Recorded: 25 Jul 2003
I have just enormous respect for—Joe’s a logical thinker. He’s just very bright and he—he just works hard. He never stops working. So he’s sort of driven. Yes, my success here is, you know—John Cairns said Joe was good and so I met Joe and immediately, you know, he had high objectives. I was very sad about the way, you know, he’s become lame and all that sort of stuff that’s really pretty tough.
He’s a super writer. He was very good for this place. I mean when he was here. You know, it almost sounds like, you know, the now-fired editor of the New York Times. You know, ___________. So there were a lot of people who probably breathed easier when Joe wasn’t looking down their, you know.
Joe never made a—you know, did work which really showed the SV40 was integrated. _________Dulbecco got a lot of credit for—I guess if I had been running the Salk and not putting my name on papers Joe would be better known. The fact is [that] Dulbecco’s Nobel Prize owed a lot to Joe.
A member of the Time 100 ‘Century’s Greatest Minds’, Dr. James Watson’s life in science has taken him from the revolutionary discovery of the structure of DNA to the head of the National Institute of Health’s Human Genome Project, and places between.
Dr. Watson was born in 1928 in Chicago, and enrolled at the University of Chicago when he was just 15. His graduate studies in genetics with Salvador Luria took him to Cold Spring Harbor Laboratory for the first time in 1948. His graduate work would eventually bring him to the Cavendish Laboratory in Cambridge, where, together with fellow scientists Maurice Wilkins and Rosalind Franklin, Francis Crick and Dr. Watson would discover how the four-nucleotide bases arrange themselves to create the unique identities of each living organism. Their account of the structure of DNA, published in Nature, would win them the 1962 Nobel Prize in Physiology. Watson's bestselling account of his time at Cavendish, The Double Helix, was named the No. 7 best work of nonfiction by the Modern Library.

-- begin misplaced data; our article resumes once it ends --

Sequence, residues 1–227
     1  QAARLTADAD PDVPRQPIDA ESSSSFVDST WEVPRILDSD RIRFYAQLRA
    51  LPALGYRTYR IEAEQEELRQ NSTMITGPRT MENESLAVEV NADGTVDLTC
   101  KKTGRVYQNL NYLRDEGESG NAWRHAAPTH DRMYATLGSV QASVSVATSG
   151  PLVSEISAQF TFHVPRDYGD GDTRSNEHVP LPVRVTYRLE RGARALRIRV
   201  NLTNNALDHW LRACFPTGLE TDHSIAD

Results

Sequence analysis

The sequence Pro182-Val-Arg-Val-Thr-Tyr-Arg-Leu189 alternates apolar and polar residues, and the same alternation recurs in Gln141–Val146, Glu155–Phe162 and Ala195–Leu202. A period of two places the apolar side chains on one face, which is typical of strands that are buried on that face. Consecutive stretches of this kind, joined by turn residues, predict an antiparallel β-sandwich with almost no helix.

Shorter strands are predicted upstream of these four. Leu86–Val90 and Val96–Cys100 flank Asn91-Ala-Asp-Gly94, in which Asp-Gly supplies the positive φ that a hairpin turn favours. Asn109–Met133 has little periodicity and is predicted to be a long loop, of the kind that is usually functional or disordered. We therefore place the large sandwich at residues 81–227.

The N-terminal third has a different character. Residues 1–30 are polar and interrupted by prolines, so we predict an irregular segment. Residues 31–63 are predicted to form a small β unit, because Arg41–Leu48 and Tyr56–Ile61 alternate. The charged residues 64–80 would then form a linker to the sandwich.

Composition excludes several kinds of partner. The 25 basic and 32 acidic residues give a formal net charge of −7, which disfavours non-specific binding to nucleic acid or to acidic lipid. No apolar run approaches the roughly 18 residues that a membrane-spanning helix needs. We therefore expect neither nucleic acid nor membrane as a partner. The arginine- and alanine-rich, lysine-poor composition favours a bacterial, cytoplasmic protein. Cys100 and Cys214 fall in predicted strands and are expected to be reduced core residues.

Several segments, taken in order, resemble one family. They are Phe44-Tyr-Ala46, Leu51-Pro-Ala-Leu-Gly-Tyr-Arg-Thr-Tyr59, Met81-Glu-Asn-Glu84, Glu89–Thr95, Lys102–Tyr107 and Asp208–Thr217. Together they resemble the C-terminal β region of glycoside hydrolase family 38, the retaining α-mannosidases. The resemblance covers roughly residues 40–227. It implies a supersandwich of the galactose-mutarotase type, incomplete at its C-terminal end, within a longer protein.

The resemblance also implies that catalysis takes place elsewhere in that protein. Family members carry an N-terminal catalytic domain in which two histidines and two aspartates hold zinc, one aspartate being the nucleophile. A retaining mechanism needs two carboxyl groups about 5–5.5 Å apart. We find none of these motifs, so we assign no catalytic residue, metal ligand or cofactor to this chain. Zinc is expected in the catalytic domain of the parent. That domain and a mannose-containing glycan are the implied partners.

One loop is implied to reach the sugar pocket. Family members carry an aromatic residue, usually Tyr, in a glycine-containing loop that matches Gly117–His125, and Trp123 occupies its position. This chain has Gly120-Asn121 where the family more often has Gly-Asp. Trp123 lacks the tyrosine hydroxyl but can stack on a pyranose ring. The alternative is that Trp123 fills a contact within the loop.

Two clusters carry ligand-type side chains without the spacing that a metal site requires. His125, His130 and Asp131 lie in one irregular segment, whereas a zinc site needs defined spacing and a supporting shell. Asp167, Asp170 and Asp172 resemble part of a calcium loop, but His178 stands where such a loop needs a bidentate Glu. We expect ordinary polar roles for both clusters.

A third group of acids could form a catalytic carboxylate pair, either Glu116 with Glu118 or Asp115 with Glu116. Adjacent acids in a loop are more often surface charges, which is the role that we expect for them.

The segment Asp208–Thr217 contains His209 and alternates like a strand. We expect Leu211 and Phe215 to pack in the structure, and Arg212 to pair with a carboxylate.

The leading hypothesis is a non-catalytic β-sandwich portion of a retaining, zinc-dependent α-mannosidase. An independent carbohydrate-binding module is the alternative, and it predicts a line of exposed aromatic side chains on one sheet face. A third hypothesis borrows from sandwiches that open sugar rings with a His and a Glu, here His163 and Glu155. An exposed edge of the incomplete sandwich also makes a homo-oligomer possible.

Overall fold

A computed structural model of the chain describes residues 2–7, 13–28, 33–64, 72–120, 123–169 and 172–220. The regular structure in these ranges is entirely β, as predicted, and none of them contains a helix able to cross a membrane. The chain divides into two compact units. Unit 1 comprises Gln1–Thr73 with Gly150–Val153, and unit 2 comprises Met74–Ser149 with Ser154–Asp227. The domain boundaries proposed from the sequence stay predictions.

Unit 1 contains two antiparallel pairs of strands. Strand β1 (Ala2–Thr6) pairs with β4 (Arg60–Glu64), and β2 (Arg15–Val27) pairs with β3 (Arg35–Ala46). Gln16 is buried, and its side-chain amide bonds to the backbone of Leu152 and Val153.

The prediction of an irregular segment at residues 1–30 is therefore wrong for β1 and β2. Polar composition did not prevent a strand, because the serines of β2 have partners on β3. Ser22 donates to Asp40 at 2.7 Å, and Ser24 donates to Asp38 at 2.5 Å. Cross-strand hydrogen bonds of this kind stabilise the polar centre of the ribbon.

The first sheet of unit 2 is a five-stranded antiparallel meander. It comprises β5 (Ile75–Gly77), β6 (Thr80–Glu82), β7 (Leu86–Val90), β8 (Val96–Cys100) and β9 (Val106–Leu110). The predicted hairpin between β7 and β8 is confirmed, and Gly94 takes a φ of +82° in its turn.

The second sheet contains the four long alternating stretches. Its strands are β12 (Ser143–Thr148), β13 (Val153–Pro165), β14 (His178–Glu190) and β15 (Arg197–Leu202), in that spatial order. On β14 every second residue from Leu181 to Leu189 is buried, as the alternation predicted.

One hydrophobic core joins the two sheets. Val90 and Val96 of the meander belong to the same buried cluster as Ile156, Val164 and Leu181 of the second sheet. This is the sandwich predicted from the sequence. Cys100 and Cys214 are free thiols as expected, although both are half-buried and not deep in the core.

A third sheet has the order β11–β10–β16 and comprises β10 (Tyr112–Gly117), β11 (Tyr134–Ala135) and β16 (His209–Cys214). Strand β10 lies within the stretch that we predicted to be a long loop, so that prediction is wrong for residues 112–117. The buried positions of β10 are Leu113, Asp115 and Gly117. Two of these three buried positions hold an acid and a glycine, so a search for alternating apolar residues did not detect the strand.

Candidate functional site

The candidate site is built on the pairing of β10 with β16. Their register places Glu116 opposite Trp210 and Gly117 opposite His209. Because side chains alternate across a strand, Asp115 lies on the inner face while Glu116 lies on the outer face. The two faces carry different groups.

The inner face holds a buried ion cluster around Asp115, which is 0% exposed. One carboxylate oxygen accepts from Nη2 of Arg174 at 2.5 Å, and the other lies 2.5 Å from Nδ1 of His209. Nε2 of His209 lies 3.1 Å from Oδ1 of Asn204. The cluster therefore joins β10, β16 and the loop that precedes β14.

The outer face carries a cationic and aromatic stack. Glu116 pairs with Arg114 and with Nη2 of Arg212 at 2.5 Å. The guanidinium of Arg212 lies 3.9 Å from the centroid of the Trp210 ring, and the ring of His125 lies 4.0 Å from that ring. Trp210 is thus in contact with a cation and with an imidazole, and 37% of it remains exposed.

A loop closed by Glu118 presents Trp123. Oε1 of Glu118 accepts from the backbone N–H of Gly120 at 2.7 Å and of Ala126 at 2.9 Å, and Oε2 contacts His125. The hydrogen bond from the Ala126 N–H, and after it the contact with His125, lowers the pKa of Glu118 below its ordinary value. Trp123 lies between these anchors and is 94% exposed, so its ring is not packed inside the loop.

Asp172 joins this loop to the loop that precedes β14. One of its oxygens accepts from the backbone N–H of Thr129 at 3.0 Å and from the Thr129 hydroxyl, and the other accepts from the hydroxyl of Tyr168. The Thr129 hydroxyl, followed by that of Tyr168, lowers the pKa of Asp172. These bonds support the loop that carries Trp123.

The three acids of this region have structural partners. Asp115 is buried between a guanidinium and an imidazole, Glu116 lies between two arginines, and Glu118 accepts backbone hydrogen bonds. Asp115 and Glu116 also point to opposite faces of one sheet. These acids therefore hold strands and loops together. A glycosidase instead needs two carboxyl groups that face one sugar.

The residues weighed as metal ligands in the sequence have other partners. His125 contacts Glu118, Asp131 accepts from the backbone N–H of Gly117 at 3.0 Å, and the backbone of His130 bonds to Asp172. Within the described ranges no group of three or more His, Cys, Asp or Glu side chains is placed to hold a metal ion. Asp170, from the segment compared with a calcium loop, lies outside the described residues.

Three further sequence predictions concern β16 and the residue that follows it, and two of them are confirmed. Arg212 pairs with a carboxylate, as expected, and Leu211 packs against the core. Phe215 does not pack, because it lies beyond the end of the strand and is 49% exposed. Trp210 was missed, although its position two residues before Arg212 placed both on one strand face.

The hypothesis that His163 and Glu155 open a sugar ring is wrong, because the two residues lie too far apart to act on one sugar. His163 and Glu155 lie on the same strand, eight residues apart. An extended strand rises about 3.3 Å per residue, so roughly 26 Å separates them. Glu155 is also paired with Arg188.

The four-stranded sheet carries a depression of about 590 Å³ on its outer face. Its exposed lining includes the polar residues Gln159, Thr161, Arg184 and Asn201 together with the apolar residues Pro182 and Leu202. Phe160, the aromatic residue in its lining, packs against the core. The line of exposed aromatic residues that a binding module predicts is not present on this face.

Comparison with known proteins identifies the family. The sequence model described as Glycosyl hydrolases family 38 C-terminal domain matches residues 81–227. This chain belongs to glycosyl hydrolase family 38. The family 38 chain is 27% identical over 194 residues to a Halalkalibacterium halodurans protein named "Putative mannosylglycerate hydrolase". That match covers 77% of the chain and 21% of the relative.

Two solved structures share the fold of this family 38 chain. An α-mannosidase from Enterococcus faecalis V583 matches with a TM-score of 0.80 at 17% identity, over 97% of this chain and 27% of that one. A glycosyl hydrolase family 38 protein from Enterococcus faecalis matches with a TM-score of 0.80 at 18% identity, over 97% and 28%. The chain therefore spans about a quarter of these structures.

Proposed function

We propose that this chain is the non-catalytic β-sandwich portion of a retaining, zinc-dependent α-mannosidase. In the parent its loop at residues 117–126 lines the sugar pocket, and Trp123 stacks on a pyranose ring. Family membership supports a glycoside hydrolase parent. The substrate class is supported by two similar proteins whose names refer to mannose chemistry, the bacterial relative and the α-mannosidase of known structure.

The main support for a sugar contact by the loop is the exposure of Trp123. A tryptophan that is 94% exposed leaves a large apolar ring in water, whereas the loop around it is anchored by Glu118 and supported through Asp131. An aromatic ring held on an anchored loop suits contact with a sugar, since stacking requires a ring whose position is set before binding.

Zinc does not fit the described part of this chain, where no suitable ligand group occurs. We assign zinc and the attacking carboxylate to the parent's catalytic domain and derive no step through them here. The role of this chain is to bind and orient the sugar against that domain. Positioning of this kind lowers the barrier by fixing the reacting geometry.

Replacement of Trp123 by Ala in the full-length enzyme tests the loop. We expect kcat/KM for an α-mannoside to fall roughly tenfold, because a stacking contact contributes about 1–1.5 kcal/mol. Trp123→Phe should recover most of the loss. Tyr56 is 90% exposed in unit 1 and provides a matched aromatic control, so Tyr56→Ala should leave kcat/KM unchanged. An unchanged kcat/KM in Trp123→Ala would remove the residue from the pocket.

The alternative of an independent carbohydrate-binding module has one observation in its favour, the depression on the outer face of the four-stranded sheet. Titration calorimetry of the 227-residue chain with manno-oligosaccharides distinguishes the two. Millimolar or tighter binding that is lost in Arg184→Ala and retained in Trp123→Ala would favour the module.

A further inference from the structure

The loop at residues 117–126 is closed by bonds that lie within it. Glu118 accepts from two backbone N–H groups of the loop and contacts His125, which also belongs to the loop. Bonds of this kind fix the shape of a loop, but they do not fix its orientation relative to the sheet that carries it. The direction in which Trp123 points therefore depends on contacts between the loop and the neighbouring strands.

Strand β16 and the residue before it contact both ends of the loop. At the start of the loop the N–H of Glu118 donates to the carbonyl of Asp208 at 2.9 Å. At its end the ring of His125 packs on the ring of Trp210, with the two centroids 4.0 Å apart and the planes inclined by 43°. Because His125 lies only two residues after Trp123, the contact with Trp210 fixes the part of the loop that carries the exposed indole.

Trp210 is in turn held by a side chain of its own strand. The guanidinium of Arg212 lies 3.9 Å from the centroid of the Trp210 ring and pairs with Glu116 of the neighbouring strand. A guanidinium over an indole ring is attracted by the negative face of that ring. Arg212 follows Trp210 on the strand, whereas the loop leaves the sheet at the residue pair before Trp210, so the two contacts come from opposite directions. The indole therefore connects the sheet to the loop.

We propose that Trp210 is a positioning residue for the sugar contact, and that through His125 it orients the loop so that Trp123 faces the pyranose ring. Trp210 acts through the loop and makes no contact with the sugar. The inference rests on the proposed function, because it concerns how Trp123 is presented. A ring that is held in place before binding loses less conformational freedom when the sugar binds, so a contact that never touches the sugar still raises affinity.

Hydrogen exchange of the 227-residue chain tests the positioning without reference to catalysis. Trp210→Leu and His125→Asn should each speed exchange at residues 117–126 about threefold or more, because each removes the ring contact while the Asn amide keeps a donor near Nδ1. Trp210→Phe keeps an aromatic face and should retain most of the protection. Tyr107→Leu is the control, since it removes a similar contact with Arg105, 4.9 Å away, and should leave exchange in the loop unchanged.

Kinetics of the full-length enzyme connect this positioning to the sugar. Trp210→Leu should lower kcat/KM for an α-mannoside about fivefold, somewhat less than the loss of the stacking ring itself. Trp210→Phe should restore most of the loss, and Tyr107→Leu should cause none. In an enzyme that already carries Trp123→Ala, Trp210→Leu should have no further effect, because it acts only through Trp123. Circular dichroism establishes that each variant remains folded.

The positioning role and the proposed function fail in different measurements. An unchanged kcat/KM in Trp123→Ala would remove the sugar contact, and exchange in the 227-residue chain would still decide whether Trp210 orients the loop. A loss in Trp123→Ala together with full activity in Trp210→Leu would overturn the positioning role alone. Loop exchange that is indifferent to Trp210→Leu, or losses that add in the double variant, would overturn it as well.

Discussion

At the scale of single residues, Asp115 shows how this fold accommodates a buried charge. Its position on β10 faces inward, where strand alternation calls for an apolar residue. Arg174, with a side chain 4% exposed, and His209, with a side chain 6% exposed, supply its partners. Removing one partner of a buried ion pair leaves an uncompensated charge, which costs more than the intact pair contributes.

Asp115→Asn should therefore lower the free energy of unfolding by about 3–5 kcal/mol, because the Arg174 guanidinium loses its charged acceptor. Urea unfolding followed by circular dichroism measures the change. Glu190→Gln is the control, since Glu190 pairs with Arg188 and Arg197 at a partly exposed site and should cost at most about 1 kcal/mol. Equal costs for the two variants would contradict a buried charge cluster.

Watson spent two decades at Harvard University, where he penned the revolutionary biology textbook, Molecular Biology of the Gene in 1965. Dr. Watson's distinguished academic career led him to the directorship of Cold Spring Harbor Laboratory in 1968, where he has pushed the lab towards important steps in cancer research and the causes of mental disease. From 1988 to 1992, Dr. Watson was appointed to head the National Institute of Health in the Human Genome Project. Dr. Watons's genome was the first to be decoded and was made public as part of the project in 2007. A member of the National Academy of Sciences and the Royal Society, he has received the Presidential Medal of Freedom and the National Medal of Science. After forty years as a brilliant educator and administrator, Dr. Watson retired as Chancellor of the laboratory in 2007.